What You Can Do Instead of Apologizing Because I Get Migraines

More often than not, when I tell someone about my battle with chronic migraines, I hear the same thing.

“I am so sorry. It must be so difficult to live your life with that condition.”

While the latter statement is completely true, and chronic migraines invade every part of my life, making it difficult to do even the most basic things, I don’t want you to be sorry for me. You may think that by apologizing to me you are making me feel better, understood, and cared for. However, it just makes me feel like you pity me. I imagine what you must be thinking when you say you’re sorry to me. It usually goes something like the following:

“Poor girl. She is in pain all the time.”

“How can she go on? She has been suffering from this for so long.”

“It limits her so much. I feel so bad.”

I think these things, because I have overheard them being said about me. So, when you apologize, I assume it is a cover for one of the above comments. And, while your thoughts of feeling bad for me may be true, I don’t need you to feel bad for me. Instead, try to understand me.

Understand that I may have to cancel plans or reschedule. I may have to take breaks or naps that could interrupt our activities. There might even be activities that I cannot do at all because I know I will pay for them in pain later. But, don’t feel bad for me or guilty. This is the hand I have been dealt. I deal with it the best I can, and I want you to, too. So the next time you hear about my condition, instead of apologizing, try to understand how this condition affects and changes my life and accept me for who I am and the limits my illness places on me.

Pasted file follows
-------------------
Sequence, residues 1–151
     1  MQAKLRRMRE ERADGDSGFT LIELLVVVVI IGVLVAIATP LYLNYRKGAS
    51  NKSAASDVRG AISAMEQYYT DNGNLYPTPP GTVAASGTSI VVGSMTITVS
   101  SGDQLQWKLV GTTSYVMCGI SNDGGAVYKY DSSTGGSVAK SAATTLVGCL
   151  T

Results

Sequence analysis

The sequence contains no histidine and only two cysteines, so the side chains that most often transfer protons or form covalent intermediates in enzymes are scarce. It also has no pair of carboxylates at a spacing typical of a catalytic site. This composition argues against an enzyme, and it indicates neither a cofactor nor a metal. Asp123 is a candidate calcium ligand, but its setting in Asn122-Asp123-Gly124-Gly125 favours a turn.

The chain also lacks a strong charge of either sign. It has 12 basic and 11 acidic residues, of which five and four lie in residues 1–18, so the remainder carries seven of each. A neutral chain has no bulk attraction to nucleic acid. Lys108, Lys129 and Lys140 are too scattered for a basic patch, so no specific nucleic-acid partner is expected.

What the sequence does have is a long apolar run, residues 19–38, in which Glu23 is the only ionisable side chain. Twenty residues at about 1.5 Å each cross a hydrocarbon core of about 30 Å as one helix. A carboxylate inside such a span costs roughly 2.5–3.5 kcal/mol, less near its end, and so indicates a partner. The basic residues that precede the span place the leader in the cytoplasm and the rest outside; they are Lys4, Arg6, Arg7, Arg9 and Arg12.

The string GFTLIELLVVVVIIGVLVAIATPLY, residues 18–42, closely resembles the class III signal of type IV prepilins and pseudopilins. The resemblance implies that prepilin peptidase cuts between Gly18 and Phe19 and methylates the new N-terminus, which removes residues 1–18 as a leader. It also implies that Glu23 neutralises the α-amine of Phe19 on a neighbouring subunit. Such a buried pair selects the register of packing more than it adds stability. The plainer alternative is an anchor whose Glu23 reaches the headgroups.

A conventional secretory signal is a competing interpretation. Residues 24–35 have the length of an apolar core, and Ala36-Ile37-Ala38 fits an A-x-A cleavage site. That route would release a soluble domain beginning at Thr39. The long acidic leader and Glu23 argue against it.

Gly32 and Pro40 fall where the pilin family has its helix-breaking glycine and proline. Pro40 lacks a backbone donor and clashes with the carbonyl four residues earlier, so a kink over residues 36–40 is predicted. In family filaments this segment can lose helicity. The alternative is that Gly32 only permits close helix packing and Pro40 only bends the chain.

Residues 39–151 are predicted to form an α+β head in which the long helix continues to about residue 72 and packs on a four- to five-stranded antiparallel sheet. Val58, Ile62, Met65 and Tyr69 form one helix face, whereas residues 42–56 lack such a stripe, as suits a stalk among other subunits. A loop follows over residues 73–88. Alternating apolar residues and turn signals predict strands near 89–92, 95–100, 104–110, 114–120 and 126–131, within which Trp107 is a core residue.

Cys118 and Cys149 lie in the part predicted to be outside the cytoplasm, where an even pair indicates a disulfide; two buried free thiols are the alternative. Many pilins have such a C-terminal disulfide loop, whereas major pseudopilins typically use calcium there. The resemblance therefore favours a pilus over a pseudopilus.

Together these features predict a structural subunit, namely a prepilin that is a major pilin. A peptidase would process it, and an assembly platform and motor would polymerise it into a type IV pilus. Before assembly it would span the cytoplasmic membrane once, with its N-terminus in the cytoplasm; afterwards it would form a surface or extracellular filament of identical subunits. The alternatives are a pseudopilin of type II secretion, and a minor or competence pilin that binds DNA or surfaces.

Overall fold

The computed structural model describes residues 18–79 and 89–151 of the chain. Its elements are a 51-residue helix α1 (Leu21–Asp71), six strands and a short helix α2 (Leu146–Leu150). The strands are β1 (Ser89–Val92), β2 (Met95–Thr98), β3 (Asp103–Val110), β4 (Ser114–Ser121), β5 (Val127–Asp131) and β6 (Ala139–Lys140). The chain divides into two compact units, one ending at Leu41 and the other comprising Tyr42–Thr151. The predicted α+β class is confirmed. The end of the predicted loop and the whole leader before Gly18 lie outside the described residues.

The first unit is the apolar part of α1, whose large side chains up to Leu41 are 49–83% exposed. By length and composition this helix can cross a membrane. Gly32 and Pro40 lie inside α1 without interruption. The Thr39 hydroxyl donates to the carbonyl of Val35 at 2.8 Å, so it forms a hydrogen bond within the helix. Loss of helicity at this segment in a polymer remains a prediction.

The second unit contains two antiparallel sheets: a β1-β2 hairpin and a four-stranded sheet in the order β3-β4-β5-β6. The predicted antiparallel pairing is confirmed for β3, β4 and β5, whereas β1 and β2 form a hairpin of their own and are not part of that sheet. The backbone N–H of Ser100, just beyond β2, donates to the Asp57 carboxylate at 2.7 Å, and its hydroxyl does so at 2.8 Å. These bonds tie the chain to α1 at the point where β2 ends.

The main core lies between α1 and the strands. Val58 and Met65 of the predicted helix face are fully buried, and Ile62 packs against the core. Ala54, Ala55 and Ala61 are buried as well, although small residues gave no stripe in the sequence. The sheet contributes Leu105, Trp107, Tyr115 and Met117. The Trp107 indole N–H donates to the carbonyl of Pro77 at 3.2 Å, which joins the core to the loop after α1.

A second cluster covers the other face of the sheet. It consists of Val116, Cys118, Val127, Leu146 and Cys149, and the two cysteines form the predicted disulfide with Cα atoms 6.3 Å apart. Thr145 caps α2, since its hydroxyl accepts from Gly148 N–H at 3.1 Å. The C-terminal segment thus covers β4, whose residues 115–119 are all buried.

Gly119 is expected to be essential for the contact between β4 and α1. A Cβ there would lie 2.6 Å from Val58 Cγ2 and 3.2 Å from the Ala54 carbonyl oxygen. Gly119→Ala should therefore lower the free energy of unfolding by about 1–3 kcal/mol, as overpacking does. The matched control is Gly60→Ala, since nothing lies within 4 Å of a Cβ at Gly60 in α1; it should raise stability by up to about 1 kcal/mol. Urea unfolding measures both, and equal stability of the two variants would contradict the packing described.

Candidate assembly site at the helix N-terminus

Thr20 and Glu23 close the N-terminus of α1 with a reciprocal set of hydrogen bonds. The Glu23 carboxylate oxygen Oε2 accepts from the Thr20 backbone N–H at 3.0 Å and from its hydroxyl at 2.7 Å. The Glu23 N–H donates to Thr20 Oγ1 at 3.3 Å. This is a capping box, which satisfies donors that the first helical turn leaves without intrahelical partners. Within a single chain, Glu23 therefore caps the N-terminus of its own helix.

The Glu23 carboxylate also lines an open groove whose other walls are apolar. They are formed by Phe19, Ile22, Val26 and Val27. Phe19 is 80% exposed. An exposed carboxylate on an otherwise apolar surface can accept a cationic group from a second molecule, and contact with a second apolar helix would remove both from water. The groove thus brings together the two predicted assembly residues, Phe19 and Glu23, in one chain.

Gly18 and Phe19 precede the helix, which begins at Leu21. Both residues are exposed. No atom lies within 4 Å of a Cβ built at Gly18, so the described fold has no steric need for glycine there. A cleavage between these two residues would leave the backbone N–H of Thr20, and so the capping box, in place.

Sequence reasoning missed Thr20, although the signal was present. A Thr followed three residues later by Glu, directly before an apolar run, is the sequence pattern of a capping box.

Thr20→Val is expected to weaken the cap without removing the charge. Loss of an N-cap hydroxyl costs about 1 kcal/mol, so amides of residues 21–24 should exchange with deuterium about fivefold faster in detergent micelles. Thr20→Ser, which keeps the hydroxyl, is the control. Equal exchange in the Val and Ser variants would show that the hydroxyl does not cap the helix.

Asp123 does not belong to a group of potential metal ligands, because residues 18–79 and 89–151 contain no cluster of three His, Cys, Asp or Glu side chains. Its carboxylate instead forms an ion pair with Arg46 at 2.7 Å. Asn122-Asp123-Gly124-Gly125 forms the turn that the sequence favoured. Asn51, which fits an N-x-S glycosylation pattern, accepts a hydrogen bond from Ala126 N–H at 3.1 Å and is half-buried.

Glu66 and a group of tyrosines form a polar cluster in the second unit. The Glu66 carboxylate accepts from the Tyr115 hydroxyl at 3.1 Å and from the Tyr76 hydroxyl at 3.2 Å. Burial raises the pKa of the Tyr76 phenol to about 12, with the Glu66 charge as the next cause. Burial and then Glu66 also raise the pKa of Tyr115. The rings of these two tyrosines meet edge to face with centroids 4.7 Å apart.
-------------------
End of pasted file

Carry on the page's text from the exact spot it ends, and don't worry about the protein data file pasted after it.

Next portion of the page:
In addition to your understanding, I value your support. You may think that throwing your hat into the, “I’m sorry you’re sick,” ring is showing me support, but, again, it just feels like you pity me. Instead, try thinking of things you might appreciate if you were experiencing a severe headache. Maybe a dark, quiet room. Ice packs or some water. Offer to take a break if we are out and about and I look like my energy is fading. Find a nice bench and grab some water with me to let me recharge. Offering these small things or encouraging me to take a break if needed is an amazing way for you to show you not only understand what I am battling, but, also that you support my efforts in trying to maintain a social life, job, etc… Your understanding and support mean more to me than any apology ever will.

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